In recent studies, the authors of^{43,49} argued that specific connectivity between excitatory and inhibitory neurons is necessary for choice selectivity to emerge in these two populations, based on computational models of their data. Our work suggests an alternative mechanism in which choice selectivity emerges in one population during training and spreads to the other population, without any reorganization of specific connections from the trained to the untrained populations. The network mechanism that spreads the task-related activity through random connectivity, as in our trained networks, is based on the susceptibility of neurons to modulations of synaptic inputs in strongly coupled networks (Fig. 5). In brief, the strong static synapses preserve the temporal variations in the presynaptic activity. It thus results in choice-selective inputs that are on the order of the spike-threshold. The recurrent inhibition then cancels the strong mean excitatory input, leading to a total excitatory and inhibitory inputs that are both on the order of the spike-threshold and choice-selective (see Prediction 4 in Methods). This is a similar mechanism that explains how, without training or functional structure, orientation-selective neurons can emerge in the primary visual cortex with a ‘salt-and-pepper’ organization^{50,51}.

Overall, the good agreement between the activity of untrained neurons in the model and the neurons in the data that were held-out of training resulted from the similarities between the activity of fast-spiking and pyramidal neurons in the data. It will be interesting to look at other data sets in which task-related activity is more diverse between different cell types, and explore possible network mechanisms that can spread task-related activity which differ between the trained and untrained populations. In addition, we point out that one important property of ALM neurons that make them compatible with the balanced network is that, on average, their ramping slopes are close to zero (Fig. 5H), consistent with the fact that the mean rate of ALM neurons is almost constant during the delay period. This kept the overall rate of the trained subset constant in time, therefore the trained network did not deviate significantly from the balanced regime. For neural data with highly fluctuating average population rates, other network models or additional network mechanisms may need to be considered to account for strong changes in population rates that could potentially break the balance in a subset of the neurons.

Our trained network model showed that the proposed circuit mechanism (i.e., subset training) for distributing task-related activity to untrained neurons can explain various aspects of neural data. However, it still remains an open question whether only a subset of neurons in the real cortical circuit undergoes synaptic reorganization when learning. Several recent experimental studies show that synaptic plasticity and induced neural activity in a subset of neurons can influence learned behavior and broad network responses. It was shown that labeling recently potentiated spines in a subset of neurons, created through motor learning, and disrupting them by optical shrinkage were sufficient to reduce acquired motor skills^{13}. In addition, optogenetic stimulation studies targeting a small number of specific cells show that learning a new motor task or producing realistic network response can be induced from a small number of neurons^{20,52,53,54}. Although not conclusive, these studies support the biological feasibility of subset training.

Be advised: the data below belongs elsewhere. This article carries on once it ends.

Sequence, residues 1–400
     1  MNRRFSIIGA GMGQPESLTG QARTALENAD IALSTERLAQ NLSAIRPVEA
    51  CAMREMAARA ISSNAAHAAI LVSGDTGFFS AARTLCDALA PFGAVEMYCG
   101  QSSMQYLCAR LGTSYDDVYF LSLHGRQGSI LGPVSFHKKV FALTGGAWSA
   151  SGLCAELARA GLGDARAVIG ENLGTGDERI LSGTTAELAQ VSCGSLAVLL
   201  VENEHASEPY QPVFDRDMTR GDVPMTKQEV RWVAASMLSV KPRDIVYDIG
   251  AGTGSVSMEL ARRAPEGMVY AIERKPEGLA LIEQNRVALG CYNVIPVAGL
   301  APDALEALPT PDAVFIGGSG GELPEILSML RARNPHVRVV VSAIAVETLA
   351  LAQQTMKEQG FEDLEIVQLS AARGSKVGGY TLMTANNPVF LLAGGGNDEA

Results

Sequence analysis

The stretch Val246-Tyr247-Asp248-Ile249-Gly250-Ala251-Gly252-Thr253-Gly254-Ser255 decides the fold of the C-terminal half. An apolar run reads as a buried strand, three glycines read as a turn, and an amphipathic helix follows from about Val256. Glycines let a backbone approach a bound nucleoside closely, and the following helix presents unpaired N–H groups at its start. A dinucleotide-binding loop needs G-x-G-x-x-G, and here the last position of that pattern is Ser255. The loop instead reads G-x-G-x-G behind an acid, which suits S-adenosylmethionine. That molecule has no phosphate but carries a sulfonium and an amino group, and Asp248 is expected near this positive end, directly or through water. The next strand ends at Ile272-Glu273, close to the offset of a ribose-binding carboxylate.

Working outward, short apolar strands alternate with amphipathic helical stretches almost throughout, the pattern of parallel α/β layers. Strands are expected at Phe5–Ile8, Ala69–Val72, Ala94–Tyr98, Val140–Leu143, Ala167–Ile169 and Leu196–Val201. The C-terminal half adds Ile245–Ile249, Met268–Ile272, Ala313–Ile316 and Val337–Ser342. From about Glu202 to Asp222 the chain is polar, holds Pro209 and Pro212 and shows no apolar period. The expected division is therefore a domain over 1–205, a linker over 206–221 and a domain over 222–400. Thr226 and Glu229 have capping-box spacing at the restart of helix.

In this study, we computationally explored the amount of subset training by varying (1) the number of trainable neurons and (2) the number of plastic synapses to the trained neurons. Given that biologically plausible learning rules for synaptic reorganization are based on activity of locally connected neurons^{55,56,57}, subset training could potentially be implemented to induce global learning effects across the network by reorganizing synaptic connections of locally connected sub-networks of neurons. In addition, when learning resources are limited (e.g., limited number of trainable synapses), increasing the number of trainable neurons may not necessarily lead to improved performance. Instead, subset training could generate desired dynamics in the trained subset without extensively modifying the synapses across the population of neurons (see Fig. S11 for an example).

On the other hand, an alternative training scheme that could be implemented in the brain is to train a larger number of neurons and synapses throughout the network. Using this approach, recent studies considered training spiking networks with dynamically balanced excitation and inhibition.